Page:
There is currently no cure for Hayfever however this condition can best be controlled using various treatment options. Many cases can be controlled using over-the-counter (OTC) medication available at pharmacies, but if your symptoms are more troublesome, certain prescription-only-medicine (POM) may be more suitable.

Hayfever Treatment options include:

Lifestyle advice

Hayfever can be better managed through:

  • Wearing protective sunglasses to reduce pollen getting into your eyes
  • Changing your clothes and showering regularly to remove pollen from your body
  • Trying to stay indoors or avoid areas with high pollen count
  • Try to avoid gardening activities
  • Use an air purifier at home which works to remove impurities, dust and pollen from your surrounding air
  • Apply Vaseline around the nostrils to trap pollen
  • Avoid smoking or being around people who smoke, as this can make hayfever symptoms worse


  • Antihistamines work by preventing the action of histamine, which is released by the body in response to pollen. They have good value in treating runny nose and sneezing, but are usually less helpful for nasal congestion. Antihistamines can be administered orally, or can be applied locally in the eye (in the form of eye drops), or in the nose (in the form of nasal drops) or on the skin.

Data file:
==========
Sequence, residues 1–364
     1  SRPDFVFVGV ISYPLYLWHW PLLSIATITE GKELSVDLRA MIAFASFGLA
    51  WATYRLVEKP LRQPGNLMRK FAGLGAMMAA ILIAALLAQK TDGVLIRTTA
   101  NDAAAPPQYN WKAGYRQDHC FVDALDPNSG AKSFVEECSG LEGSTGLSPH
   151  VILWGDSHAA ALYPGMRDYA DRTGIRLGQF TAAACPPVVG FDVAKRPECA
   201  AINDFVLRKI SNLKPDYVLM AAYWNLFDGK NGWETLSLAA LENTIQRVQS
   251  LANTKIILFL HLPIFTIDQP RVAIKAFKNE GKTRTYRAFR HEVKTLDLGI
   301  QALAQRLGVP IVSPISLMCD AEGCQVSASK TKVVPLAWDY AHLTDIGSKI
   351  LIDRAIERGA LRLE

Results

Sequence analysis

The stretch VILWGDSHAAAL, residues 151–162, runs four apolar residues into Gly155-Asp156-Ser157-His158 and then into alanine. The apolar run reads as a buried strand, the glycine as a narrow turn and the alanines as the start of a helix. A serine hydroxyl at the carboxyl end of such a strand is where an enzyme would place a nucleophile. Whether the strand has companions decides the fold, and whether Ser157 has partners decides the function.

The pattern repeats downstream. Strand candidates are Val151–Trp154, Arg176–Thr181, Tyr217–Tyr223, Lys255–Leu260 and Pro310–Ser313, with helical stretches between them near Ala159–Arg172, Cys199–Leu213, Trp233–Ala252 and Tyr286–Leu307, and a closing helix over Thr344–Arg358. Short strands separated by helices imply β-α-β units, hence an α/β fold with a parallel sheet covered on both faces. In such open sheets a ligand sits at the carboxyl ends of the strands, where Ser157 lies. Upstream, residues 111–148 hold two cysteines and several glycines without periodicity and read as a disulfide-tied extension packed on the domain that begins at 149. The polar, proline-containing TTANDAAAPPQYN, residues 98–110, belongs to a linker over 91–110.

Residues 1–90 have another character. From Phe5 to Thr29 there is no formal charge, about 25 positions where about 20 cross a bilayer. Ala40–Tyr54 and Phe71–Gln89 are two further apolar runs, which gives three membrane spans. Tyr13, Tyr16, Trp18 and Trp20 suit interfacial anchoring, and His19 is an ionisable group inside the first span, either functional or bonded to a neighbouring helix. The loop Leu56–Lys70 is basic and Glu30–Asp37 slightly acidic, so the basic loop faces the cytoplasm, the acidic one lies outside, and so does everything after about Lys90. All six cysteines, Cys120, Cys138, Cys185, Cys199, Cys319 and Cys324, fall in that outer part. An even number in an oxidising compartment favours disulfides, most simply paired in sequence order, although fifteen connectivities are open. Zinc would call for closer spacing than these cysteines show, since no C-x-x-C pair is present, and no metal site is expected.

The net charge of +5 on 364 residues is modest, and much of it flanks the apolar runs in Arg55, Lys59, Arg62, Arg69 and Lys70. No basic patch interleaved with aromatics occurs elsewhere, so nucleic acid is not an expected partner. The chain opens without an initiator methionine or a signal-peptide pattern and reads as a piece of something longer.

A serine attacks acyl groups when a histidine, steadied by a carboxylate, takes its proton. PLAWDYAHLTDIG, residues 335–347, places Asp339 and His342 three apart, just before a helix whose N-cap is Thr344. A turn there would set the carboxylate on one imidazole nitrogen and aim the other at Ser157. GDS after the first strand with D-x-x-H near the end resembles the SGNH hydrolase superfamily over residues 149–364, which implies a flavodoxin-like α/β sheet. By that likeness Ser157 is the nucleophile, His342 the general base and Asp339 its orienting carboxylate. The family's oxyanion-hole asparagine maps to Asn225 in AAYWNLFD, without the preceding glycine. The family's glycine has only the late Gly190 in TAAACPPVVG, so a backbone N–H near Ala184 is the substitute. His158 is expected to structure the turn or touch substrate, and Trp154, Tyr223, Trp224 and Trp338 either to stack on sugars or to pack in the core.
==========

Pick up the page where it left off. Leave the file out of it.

• Corticosteroids are effective in treating Hayfever. In rare cases, very disabling symptoms of Hayfever may benefit from the use of systemic (oral) corticosteroids for short periods. However corticosteroids are better used locally in the form of nasal sprays and are considered to be more effective than antihistamine nasal sprays.
  • Decongestants can be used in short periods to relieve nasal congestion to help alleviate Hayfever symptoms. These medications are available as nasal sprays such as Mometasone, tablets and other formulations for inhalation.

Although all of our content is written and reviewed by healthcare professionals, it should not be substituted for or used as medical advice. If you have any questions about your health, please speak to your doctor.

Authored Dec 22, 2017 by Joseph Issac, MPharm
Reviewed Apr 14, 2022 by Prabjeet Saundh, MPharm